During the internship at the WFP office in Havana, Cuba, I hoped to not only learn about these different focus areas, but also to understand the workings of a UN agency and of humanitarian assistance while becoming acquainted with the field, potential jobs, and the experience of working in an office.
The WFP is the largest organization fighting hunger worldwide. In Cuba there is an ongoing country programme for the 2015-2018 period that pursues WFP’s objectives of supporting food security and nutrition-related social protection programmes, strengthening the link between these social protection programmes and agricultural value chains (particularly beans, a national staple food), and enhancing resilience and disaster risk management at the local level to reduce the impact of natural hazards and climate change on food security.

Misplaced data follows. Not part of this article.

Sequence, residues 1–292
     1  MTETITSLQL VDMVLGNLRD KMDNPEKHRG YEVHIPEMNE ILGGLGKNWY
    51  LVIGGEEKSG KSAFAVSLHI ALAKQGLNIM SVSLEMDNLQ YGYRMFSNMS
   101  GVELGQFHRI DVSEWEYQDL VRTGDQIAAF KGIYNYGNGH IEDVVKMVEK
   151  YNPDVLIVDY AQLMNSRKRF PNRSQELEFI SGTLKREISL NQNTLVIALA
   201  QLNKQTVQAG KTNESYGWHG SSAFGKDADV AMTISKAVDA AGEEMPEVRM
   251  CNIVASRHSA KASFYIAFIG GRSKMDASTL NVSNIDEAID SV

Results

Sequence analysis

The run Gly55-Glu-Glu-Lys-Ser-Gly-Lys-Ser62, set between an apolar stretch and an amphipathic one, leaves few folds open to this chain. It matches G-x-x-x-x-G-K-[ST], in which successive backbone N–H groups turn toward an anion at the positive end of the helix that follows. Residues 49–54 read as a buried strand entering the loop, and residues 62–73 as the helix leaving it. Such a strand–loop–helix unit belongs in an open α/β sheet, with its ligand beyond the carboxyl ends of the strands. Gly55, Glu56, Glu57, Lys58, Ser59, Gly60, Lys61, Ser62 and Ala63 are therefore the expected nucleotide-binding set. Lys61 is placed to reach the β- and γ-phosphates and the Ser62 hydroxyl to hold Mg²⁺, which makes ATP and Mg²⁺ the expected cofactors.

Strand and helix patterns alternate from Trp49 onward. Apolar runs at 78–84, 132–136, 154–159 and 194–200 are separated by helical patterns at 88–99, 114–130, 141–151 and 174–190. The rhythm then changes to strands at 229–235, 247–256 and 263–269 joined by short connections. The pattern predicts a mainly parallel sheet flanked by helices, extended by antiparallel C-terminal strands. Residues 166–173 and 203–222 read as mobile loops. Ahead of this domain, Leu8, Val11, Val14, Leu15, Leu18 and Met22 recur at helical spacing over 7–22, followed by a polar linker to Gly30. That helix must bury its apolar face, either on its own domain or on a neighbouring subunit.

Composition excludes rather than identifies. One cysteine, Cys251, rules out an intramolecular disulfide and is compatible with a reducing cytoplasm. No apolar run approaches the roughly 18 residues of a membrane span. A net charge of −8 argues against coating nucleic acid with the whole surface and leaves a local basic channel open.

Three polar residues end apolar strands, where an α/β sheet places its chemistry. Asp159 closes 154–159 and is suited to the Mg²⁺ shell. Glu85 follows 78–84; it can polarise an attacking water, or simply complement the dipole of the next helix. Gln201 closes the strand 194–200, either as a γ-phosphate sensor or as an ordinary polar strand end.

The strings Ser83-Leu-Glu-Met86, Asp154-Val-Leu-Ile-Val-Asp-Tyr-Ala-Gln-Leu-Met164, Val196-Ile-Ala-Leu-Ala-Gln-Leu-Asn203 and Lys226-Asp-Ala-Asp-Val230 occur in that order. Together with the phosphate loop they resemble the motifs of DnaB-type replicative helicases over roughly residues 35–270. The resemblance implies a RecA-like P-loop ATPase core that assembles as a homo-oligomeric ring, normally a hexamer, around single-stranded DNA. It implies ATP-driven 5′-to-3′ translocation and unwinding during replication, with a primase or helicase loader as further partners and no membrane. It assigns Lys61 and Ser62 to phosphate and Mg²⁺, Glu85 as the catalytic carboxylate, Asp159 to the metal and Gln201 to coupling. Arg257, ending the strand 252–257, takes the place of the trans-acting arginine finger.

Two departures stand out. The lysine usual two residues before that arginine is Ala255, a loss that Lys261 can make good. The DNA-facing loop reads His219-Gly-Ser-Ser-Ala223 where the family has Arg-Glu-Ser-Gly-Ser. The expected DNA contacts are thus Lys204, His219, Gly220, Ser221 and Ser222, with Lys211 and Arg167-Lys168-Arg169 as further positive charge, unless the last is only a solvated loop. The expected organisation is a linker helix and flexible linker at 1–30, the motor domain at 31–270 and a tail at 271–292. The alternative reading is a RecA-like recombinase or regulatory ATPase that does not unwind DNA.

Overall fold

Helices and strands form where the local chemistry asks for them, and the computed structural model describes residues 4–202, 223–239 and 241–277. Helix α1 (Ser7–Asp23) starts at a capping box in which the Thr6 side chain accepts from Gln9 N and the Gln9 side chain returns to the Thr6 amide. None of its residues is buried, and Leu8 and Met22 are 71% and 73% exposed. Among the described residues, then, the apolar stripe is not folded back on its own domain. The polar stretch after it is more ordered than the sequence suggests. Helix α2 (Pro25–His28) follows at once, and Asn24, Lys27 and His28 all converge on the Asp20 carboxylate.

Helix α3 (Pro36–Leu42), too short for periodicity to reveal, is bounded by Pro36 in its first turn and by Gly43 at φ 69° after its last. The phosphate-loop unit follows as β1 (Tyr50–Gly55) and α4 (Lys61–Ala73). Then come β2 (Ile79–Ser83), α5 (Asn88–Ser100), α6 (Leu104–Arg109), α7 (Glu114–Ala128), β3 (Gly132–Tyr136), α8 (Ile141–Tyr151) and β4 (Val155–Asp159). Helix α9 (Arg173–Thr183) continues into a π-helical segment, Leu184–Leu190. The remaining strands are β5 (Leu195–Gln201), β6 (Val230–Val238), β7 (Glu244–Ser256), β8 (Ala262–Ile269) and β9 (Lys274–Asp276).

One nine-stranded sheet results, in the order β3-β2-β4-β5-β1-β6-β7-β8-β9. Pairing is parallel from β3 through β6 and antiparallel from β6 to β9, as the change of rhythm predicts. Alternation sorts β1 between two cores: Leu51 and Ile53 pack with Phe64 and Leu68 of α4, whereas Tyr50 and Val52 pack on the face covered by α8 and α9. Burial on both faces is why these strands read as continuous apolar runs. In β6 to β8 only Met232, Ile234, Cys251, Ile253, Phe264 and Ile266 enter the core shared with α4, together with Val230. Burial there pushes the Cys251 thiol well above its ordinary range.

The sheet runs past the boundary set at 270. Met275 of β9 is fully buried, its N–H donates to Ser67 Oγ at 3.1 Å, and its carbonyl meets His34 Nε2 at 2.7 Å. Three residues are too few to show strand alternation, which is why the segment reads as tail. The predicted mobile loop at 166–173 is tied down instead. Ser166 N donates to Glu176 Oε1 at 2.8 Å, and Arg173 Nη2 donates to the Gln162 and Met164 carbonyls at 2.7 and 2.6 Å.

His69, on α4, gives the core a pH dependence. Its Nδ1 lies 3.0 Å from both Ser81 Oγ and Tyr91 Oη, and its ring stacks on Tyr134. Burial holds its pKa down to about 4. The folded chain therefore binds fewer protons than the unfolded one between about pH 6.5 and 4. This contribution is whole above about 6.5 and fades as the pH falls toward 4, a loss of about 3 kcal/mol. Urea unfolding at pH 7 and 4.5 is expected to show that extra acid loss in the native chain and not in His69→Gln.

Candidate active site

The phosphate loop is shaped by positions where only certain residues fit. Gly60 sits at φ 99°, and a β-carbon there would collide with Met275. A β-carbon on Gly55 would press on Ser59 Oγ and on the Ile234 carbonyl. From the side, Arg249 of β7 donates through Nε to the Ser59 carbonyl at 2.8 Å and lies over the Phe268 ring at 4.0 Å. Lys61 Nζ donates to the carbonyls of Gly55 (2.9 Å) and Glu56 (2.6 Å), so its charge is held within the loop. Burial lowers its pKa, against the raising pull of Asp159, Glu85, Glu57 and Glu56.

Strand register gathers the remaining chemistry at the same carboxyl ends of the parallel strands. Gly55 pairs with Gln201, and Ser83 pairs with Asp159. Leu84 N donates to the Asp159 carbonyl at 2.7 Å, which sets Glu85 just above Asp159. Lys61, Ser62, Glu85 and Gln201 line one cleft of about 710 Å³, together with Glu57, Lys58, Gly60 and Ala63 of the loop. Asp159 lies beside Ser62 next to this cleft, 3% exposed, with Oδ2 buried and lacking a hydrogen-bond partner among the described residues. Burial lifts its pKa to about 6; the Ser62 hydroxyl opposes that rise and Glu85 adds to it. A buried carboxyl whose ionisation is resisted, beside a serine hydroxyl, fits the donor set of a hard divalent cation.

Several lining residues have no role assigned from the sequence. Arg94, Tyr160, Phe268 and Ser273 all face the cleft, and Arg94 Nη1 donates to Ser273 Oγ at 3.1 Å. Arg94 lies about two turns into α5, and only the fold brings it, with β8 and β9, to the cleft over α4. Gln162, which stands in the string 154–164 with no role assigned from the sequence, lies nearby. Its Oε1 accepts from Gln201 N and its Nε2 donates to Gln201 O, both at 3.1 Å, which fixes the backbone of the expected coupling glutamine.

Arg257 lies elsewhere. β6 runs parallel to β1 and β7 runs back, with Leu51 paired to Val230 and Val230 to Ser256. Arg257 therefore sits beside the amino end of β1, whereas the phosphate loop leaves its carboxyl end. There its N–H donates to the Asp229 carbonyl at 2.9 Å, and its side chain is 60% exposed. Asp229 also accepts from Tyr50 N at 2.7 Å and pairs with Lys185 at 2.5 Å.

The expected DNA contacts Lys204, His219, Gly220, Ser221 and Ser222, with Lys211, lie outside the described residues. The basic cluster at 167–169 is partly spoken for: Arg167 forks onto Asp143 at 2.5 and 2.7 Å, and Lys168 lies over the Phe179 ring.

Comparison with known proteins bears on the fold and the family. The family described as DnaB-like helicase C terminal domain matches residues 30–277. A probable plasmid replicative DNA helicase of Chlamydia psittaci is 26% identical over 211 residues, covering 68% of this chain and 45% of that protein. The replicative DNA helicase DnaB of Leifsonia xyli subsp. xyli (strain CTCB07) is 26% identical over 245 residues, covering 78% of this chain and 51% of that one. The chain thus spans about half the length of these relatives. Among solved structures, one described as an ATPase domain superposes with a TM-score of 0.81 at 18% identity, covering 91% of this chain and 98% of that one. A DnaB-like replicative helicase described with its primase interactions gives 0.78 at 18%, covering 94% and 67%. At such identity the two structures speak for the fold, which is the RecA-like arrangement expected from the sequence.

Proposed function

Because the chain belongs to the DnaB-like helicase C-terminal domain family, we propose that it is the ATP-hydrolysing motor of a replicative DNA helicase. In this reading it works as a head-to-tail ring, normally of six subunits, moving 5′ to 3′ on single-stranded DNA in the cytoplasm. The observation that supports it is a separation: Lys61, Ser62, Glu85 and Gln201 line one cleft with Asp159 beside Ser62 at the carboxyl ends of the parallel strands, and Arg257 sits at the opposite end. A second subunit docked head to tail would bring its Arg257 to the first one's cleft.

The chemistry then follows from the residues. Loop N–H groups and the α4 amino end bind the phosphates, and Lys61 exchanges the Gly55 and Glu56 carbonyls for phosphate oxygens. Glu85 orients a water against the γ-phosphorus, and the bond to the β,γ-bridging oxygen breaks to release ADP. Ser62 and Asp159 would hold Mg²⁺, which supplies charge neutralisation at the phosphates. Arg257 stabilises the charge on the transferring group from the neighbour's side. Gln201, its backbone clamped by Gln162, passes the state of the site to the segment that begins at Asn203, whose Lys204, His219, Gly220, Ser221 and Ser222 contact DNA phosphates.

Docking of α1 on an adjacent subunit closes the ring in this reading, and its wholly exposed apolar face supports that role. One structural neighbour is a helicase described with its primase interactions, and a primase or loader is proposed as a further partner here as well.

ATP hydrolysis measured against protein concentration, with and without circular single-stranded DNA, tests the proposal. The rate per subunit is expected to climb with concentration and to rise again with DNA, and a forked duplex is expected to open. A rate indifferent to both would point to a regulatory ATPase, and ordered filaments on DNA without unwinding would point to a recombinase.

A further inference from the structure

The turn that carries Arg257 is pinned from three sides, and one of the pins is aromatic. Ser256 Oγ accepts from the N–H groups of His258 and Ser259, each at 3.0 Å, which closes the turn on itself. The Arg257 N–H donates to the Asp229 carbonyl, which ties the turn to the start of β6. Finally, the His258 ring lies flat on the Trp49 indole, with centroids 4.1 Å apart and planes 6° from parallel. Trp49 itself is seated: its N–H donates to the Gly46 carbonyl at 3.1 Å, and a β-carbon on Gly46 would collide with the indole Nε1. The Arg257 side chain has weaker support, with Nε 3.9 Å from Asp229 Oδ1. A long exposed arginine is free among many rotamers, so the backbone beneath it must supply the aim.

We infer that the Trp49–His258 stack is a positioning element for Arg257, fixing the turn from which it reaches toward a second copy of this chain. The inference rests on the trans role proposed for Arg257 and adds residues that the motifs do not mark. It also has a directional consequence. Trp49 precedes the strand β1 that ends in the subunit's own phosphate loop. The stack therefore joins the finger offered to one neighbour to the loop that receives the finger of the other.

Given my background in Environmental Sciences, my work at WFP mostly focused on the latter issue, with an emphasis on the drought that has been affecting the eastern provinces of Cuba since 2014. It is the most severe drought in a century, and has put a heavy strain on agriculture and livestock production. WFP is doing a lot of work to support farmers and enhance their resilience to drought by developing early warning systems and creating plans to respond to droughts at the local level. Some of my tasks included preparing a presentation about WFP’s efforts to enhance the surveillance and comprehensive management of droughts, supporting the drafting of a series of best practices for risk reduction, and translating informational pamphlets and short stories about farmers confronting water shortages.
Throughout the internship, there was also a strong focus on mainstreaming gender equality. WFP promotes initiatives to increase women’s economic empowerment and representation in local decision making and production. During my time there I was able to participate in a pilot workshop that would later be offered to agricultural cooperatives in other provinces to raise awareness about issues of gender equality. A second workshop for UN staff took place at the United Nations Development Programme (UNDP), to address gender violence, focused at the domestic level.